ComEd Increases COVID-19 Bill Assistance
Top consumer smart energy news hand-selected and brought to you by the Smart Energy Consumer Collaborative.
ComEd announced last week that it would add $9 million in financial assistance funding and extend payment plans to help Illinois customers struggling to pay electric bills. “The new programs being offered today extend our ongoing efforts to help customers get to a place of stability,” ComEd CEO Joe Dominguez said. “Even before the pandemic hit, ComEd provided customers with the support they needed and worked with community organizations to generate awareness amongst customers who need help the most.”
Residential consumers in the United States and Canada are more and more making the connection between smart energy technologies – including electric vehicles, smart home devices and energy-efficient products – and addressing climate change, according to the latest report from the Smart Energy Consumer Collaborative. More than ever, the new research shows a strong influence of environmental concern on the interests, behaviors and motivations of energy consumers.
Meeting Los Angeles’ goal of reliable, 100-percent renewable electricity by 2045, or even 2035, is achievable with rapid deployment of wind, solar, storage and other renewable energy technologies this decade, according to a years-long analysis by the U.S. Department of Energy’s National Renewable Energy Laboratory (NREL). Three years ago, “we teamed up with NREL to figure out exactly what it would take” to move even faster towards the city’s 100 percent renewable energy goal, Los Angeles Mayor Eric Garcetti said.
Spurred by more than 2,000 Missouri residents signing up for the company’s Community Solar program, Ameren Missouri announced this week that it will begin building its largest ever solar facility this summer, a 6 MW project in Montgomery County. Work is expected to move quickly, beginning in summer but going online by the end of the year. Located an hour west of St. Louis, the new facility will be Ameren’s second site built as part of its Community Solar program.
Millions of U.S. households are facing heavy past-due utility bills, which have escalated in the year since the pandemic forced Americans hunkered down at home to consume more power. And now, government moratoriums that for months had barred utilities from turning off the power of their delinquent customers are starting to expire in most states. As result, up to 37 million customers — representing nearly one-third of all households — will soon have to reckon with their overdue power bills.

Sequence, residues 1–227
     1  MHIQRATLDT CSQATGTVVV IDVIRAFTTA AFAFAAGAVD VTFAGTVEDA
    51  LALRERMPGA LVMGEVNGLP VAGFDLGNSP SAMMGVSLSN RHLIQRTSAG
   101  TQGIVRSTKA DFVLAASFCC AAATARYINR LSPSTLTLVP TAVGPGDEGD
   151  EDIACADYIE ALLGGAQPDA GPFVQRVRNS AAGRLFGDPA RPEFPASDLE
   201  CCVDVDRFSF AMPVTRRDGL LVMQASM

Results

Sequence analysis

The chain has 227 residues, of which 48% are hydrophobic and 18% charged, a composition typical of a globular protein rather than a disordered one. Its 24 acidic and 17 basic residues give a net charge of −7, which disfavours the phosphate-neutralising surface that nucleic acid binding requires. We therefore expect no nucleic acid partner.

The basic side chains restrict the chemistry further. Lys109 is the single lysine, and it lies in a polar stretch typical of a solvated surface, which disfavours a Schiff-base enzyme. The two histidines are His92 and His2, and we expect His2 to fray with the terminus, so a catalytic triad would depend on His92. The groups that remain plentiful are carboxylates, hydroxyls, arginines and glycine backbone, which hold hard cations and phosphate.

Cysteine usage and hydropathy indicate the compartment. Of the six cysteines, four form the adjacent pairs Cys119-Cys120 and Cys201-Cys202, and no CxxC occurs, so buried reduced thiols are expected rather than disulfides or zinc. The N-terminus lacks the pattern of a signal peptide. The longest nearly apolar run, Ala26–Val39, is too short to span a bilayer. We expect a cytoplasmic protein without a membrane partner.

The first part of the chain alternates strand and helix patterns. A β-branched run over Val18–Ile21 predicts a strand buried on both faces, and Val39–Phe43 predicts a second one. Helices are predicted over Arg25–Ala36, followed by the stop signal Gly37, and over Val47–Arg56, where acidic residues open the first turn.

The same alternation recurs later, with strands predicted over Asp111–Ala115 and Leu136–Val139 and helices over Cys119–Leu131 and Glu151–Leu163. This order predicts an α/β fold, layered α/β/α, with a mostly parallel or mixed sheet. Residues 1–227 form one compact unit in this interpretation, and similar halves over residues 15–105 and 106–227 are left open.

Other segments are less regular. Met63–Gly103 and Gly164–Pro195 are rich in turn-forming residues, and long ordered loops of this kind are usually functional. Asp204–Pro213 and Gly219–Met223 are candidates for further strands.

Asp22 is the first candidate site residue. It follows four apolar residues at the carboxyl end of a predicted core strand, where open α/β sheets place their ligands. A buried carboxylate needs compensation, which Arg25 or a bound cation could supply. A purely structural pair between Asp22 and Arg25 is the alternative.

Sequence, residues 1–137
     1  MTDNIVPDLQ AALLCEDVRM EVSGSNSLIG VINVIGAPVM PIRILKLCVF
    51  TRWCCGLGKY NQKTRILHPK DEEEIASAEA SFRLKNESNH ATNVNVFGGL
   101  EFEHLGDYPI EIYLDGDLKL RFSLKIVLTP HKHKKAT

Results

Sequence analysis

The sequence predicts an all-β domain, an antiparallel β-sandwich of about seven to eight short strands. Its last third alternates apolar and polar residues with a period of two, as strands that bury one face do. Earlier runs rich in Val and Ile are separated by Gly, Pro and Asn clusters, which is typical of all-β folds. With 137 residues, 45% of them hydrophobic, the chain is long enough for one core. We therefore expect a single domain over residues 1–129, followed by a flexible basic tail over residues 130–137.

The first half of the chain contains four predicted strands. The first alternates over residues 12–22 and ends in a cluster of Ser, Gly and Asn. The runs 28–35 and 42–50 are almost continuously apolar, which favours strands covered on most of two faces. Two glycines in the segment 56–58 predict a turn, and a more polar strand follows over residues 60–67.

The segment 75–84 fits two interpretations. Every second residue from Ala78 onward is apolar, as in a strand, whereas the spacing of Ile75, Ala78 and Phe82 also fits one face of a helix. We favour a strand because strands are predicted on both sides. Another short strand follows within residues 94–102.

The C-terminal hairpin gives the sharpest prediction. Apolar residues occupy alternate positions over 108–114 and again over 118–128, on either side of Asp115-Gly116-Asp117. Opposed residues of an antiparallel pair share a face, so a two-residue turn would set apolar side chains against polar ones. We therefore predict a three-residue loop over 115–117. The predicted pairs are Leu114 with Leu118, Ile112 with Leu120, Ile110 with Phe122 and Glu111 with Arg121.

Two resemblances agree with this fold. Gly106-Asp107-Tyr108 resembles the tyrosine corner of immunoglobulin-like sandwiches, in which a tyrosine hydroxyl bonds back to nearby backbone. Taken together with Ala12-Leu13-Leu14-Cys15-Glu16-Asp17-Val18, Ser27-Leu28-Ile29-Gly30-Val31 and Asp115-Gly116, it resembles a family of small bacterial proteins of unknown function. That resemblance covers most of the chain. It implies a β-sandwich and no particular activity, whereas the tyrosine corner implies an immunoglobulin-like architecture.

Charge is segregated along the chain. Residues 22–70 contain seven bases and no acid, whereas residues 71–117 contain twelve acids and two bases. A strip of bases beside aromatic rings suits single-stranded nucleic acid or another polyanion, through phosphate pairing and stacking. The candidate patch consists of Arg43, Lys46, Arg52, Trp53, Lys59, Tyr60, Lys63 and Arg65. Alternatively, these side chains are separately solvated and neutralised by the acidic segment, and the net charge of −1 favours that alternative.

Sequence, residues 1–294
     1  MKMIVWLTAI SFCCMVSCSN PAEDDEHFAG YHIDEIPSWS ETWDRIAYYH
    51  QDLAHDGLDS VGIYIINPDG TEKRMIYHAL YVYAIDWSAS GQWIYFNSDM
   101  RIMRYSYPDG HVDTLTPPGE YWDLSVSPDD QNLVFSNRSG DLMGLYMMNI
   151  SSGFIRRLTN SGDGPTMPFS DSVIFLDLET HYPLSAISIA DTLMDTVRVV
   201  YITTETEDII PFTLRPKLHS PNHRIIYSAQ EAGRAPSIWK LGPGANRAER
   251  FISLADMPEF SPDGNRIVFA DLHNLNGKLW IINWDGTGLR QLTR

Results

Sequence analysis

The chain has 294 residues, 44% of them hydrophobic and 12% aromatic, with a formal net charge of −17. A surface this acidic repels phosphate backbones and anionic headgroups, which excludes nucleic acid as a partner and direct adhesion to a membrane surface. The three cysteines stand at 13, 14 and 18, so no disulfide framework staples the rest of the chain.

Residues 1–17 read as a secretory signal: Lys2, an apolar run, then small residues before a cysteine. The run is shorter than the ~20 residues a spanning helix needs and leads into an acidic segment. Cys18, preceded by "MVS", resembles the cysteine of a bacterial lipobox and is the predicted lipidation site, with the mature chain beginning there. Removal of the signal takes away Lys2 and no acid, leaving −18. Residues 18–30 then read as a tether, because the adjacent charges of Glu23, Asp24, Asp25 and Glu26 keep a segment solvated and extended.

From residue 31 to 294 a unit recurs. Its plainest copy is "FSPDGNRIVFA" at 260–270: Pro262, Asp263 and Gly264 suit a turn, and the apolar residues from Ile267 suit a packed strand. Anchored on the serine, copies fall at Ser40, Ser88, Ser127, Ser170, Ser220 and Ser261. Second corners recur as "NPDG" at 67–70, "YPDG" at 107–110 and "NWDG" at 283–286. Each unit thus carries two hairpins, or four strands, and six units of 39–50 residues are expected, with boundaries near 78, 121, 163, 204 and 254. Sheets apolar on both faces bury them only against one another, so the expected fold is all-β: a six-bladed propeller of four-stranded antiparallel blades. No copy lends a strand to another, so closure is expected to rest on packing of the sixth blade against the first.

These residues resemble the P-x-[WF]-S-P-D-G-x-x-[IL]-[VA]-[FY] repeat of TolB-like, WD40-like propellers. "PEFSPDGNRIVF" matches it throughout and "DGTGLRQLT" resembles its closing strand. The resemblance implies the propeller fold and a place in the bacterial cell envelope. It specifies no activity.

Pacific Gas and Electric Company (PG&E) and the BMW Group have expanded their ChargeForward partnership into phase three, continuing the effort to power electric vehicles with renewable energy and using any excess to support grid reliability. This latest phase has already begun enrollment, although the program itself will not launch until mid-April. It will run through March 2023. As part of the program, incentives are being offered to participating BMW EV drivers who are also PG&E residential customers.
Seattle City Light, along with other local government agencies, has released a plan to transition the city to a transportation system with lower greenhouse gas emissions and air pollution while increasing electric mobility options and creating a pipeline of clean energy jobs and workforce diversity. Along with Seattle City Light, the effort was co-led by the Office of Sustainability and Environment, the Seattle Department of Transportation, and the Office of Economic Development.
Household power consumption surged during the pandemic, but customer perceptions of utilities barely budged. That’s according to the American Customer Satisfaction Index (ACSI®) Energy Utilities Report 2020-2021, which was released on Tuesday. Of the three categories the report measures, cooperative energy utilities remain the satisfaction leaders with an unchanged ACSI score of 73, followed closely by investor-owned energy utilities, steady at 72. Only municipal energy utilities decline, with a modest drop of 1.4 percent to 71.